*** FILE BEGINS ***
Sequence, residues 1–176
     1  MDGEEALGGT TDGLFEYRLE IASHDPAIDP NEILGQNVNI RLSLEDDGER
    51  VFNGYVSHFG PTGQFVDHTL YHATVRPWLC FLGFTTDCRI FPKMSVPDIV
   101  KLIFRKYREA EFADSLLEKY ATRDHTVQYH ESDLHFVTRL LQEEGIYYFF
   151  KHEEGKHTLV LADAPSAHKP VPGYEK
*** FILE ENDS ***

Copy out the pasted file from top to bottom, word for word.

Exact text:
Sequence, residues 1–176
     1  MDGEEALGGT TDGLFEYRLE IASHDPAIDP NEILGQNVNI RLSLEDDGER
    51  VFNGYVSHFG PTGQFVDHTL YHATVRPWLC FLGFTTDCRI FPKMSVPDIV
   101  KLIFRKYREA EFADSLLEKY ATRDHTVQYH ESDLHFVTRL LQEEGIYYFF
   151  KHEEGKHTLV LADAPSAHKP VPGYEK